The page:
Pym hasn’t grown since I first saw him before a Kempton bumper in February 2018 and remains a medium-sized gelding, to be fair not the smallest in the line-up (bigger than the winner for one). More than once he’s shaped like a stayer and looks ready for 3m now, outpaced from three out after chasing the leader and looking held at the second last, staying on strongly from the last to take second on the post. He jumped soundly and is likely to bag a couple of chases. Roy’s rating: 131
Whatmore (6/1 to 9/2), a well-made type, looked well but did well to get a place in the end, as the frailties that were on show during his Market Rasen-solo were evident again. He jumped left throughout, and occasionally slowly (especially at the open ditches, but credit to him as he stayed on when the winner went on at the third last, and still held second until collared for the silver medal on the line. He’s worth persevering with over fences, but needs to go left handed (all hurdles wins that way round). Roy’s rating: 135
El Presente (medium height, well made) had an absence of 541 days to overcome, but looked fit enough and outran his odds (33 to 25), keen early, ridden and outpaced from the third last before keeping on under a ride from two out, seeing the race out well; he, too, should win a novice chase. Roy’s rating: 127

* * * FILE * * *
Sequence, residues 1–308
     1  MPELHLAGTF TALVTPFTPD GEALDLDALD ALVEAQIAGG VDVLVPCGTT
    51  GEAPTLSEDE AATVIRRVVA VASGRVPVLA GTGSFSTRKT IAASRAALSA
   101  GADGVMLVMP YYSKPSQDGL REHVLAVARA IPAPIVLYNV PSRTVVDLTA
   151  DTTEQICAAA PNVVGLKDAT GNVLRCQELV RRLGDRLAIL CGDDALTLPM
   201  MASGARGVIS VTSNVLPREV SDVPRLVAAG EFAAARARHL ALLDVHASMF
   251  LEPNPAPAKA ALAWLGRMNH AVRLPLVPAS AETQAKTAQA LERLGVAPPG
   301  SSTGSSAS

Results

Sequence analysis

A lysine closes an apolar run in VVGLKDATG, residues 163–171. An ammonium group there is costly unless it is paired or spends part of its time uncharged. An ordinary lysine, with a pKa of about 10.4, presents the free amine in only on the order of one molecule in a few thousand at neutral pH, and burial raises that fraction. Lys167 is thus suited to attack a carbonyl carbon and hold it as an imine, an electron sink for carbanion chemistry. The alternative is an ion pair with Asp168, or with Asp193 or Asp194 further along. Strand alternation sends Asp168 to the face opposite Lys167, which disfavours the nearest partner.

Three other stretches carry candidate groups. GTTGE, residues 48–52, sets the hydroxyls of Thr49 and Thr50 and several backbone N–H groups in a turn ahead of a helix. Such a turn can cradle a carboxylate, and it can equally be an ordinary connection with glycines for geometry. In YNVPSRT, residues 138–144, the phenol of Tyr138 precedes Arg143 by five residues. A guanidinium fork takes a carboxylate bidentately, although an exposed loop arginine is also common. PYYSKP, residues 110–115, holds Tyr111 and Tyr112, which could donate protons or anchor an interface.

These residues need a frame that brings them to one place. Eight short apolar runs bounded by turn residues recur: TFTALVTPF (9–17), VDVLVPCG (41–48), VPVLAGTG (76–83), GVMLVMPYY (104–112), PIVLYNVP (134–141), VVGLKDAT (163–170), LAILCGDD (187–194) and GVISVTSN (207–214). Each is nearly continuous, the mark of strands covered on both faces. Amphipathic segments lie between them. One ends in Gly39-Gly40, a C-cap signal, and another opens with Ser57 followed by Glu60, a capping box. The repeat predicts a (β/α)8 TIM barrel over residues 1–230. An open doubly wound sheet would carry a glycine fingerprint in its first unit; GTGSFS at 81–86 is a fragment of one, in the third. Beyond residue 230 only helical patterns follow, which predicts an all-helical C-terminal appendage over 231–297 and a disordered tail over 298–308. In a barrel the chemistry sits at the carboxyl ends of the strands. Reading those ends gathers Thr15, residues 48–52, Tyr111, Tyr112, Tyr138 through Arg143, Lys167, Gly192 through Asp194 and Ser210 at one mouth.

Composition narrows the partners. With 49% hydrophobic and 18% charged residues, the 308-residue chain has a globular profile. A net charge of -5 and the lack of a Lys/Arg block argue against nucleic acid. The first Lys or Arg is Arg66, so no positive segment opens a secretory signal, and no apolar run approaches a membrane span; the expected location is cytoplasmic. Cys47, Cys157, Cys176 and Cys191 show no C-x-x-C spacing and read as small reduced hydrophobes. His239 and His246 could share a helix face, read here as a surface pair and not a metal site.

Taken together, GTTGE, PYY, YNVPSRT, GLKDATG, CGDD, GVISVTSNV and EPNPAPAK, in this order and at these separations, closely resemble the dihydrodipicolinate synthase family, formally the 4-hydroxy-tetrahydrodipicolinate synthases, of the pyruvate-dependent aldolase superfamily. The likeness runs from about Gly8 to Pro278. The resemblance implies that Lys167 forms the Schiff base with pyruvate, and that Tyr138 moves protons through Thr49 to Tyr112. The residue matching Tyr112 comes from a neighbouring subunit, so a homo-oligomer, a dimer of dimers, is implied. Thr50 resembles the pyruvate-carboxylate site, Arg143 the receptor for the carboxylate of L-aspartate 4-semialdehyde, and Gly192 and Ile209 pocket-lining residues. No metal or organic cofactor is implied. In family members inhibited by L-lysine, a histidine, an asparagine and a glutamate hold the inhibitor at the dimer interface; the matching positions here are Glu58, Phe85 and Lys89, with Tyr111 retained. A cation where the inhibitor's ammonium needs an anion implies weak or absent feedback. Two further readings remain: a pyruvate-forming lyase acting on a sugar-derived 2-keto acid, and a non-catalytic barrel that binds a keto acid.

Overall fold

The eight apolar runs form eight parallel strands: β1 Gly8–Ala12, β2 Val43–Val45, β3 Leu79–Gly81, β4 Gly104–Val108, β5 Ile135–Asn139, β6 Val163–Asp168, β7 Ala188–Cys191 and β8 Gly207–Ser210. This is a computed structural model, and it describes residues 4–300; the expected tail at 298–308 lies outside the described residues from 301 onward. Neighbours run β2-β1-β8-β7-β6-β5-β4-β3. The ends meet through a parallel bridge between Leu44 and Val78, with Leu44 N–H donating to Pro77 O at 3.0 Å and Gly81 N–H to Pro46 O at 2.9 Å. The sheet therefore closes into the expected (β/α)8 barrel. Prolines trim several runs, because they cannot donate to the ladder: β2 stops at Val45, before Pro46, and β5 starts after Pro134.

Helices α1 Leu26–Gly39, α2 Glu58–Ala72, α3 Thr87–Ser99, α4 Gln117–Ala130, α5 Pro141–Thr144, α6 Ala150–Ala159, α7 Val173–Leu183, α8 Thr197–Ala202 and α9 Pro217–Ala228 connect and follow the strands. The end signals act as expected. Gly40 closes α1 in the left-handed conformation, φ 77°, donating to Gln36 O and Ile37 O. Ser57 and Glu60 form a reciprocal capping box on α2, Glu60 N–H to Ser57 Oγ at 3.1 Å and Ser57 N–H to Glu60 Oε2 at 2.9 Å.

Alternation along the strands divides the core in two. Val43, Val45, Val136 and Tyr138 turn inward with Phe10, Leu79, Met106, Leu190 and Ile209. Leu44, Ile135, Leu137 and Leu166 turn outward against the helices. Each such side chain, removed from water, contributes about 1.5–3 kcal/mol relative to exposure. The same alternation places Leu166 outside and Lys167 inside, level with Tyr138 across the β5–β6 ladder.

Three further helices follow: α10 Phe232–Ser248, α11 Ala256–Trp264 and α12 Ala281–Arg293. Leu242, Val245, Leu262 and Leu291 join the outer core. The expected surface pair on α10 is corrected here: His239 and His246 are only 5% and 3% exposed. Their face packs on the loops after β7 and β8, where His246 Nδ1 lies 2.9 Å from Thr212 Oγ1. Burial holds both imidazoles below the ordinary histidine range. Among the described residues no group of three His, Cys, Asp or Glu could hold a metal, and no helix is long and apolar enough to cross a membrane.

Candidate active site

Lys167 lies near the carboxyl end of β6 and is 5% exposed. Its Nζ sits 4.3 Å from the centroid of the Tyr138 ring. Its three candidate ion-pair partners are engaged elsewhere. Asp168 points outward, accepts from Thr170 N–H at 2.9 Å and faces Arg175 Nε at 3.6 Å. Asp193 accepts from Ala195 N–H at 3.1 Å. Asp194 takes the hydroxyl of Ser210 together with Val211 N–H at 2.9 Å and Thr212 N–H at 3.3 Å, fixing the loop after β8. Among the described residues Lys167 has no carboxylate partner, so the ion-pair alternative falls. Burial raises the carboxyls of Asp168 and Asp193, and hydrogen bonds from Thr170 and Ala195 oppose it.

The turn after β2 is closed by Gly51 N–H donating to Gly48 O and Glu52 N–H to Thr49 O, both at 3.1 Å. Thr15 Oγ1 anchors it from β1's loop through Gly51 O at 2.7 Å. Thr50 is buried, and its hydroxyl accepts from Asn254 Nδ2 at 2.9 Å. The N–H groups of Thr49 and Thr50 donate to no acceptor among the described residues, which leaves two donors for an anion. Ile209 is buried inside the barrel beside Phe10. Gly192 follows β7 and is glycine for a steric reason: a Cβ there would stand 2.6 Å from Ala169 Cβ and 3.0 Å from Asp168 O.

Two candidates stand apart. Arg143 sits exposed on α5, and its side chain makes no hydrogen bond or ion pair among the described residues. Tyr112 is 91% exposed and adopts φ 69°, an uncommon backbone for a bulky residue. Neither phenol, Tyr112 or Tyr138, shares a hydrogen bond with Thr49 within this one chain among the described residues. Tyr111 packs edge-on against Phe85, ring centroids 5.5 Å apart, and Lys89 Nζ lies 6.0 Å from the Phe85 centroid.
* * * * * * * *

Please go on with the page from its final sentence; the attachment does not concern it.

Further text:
Erick Le Rouge (tallish, workmanlike, two handlers) was let down by his jumping in this stronger race than he won at Uttoxeter on his chasing debut (whilst respecting the fact that the form of that worked out), blundering at the ninth then losing his place on the final circuit, well held when making a mistake at the last.
Cotswold Way (medium-to-tallish, workmanlike) jumped soundly enough, but had nothing to offer when popped the question in rear at the third last, and might have needed the race more than it looked, while more disappointing was the EBF Final winner Third Wind, who’s tallish and well made and looked well in the paddock, but raced off the bridle for much of the way, making his first mistake at the seventh, doing nothing under a strong ride after the third last and well in rear when blundering at the last – Cotswold Way’s worth another chance, but a watching brief on Third Wind is the recommend in the near future.
A progressive two-mile chaser took the 2m104y 0-115 handicap chase and is on his way to races of a better grade: this was run at a strong pace and, with the exception of the runner-up, those up front early weren’t there at the finish.
Twotwothree (13/8 to 6/5 favourite), only workmanlike, looked well and absolutely breezed this, looming up at the third last and clear with two to jump, getting in tight to the last but not needing to be shaken up at any point for a blitheringly-easy victory – the hattrick looks very much on. Roy’s rating: 118
Rock On Rocky used to be better than this grade, but the 11 year-old looked well and showed that he’s not a total back-number, the only one who had a prominent position throughout to still be in contention for a place at the last, keeping on under a ride.